Victor Lundy never seems to get the credit he deserves. This modernist-cum-expressionist bounced his way through architecture scenes all through the fifties, sixties, and seventies—Sarasota and New York schools. Still working in Texas, he's continually driven to create beautiful form and experiment with materials: wood, pneumatics, paint. His ambitious air-structures, designed for the Atomic Energy Commission and the 1968 World's Fair were conceptualized and built independently from the avant-gardes working exploring similar themes.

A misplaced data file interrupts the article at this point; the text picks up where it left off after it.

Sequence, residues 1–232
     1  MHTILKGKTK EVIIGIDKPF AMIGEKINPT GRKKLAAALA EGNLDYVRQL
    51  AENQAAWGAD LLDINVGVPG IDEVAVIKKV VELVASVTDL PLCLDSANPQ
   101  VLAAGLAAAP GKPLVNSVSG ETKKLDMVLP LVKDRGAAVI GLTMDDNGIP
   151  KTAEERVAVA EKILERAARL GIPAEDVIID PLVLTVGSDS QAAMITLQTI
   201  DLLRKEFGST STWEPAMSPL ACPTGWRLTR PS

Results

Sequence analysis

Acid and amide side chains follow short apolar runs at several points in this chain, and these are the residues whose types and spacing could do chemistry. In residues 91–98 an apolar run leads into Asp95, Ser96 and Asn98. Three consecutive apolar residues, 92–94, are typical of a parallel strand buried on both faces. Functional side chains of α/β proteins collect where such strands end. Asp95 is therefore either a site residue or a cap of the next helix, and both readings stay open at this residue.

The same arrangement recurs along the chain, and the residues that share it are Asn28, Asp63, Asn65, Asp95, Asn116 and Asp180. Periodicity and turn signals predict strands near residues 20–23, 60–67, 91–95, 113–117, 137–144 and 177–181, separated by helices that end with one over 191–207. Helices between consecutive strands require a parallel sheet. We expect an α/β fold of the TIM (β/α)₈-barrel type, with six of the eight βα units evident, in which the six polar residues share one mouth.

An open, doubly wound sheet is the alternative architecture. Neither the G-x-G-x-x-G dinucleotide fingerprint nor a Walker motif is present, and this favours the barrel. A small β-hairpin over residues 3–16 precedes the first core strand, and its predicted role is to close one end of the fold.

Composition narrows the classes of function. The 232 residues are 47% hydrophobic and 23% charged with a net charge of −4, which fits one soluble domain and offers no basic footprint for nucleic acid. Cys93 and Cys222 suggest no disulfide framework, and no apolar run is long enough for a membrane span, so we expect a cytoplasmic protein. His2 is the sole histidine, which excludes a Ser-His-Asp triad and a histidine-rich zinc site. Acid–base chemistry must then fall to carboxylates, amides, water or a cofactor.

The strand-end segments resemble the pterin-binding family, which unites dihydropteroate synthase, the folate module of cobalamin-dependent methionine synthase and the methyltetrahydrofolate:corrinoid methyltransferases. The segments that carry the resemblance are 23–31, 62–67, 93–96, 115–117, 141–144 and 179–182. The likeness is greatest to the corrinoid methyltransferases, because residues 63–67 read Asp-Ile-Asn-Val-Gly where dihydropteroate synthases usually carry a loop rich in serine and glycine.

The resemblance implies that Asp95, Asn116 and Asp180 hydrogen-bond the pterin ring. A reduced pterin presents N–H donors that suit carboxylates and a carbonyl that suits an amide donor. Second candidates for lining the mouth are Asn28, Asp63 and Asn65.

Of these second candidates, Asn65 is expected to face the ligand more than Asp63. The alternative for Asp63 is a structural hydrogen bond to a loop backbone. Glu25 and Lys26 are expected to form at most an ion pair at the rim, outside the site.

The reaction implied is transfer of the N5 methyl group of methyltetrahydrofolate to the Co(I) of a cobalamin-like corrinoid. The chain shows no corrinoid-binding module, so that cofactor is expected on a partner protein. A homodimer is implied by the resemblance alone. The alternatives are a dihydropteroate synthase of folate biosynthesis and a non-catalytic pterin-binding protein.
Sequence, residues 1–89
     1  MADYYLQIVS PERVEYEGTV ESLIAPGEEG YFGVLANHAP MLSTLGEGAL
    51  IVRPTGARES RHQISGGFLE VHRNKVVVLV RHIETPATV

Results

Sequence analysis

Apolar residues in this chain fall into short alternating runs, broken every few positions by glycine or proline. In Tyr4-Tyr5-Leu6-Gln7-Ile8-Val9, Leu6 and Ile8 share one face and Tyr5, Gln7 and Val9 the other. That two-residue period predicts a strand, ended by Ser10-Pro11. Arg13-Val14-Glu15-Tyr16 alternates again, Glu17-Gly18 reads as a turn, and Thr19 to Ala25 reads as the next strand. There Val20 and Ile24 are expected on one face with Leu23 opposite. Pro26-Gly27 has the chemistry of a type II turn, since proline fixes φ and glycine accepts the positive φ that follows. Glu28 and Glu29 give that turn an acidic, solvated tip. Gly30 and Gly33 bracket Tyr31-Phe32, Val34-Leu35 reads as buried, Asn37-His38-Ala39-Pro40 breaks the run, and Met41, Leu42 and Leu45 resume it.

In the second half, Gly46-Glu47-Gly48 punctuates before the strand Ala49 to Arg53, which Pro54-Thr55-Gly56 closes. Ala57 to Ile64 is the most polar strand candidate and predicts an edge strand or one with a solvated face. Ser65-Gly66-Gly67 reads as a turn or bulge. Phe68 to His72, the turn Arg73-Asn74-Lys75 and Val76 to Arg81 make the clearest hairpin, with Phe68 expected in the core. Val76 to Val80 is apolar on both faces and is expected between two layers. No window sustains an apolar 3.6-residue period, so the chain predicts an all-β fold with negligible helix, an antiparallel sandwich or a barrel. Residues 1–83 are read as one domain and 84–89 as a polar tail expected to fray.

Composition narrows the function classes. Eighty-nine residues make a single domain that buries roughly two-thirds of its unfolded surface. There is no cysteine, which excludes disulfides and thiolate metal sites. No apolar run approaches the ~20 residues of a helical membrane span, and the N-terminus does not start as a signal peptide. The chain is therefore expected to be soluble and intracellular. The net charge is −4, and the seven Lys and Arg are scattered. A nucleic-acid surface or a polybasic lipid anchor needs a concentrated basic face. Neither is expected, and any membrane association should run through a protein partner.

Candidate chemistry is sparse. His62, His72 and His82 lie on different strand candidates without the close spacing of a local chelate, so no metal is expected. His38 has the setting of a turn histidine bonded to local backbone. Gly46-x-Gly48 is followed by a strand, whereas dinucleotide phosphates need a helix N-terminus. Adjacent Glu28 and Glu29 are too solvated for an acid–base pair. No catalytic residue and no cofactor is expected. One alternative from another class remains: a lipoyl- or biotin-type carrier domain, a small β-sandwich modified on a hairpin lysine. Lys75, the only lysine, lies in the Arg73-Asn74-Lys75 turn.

My profile Victor Victorious is this month's Dwell Magazine. Here's a snippet:
I have to thank both Michael Kubo and Michael Meredith for bringing Lundy's work to my attention. Also, I would be remiss if I didn't thank Victor himself, my irascible subject, for all the conversations, stories, and materials he provided.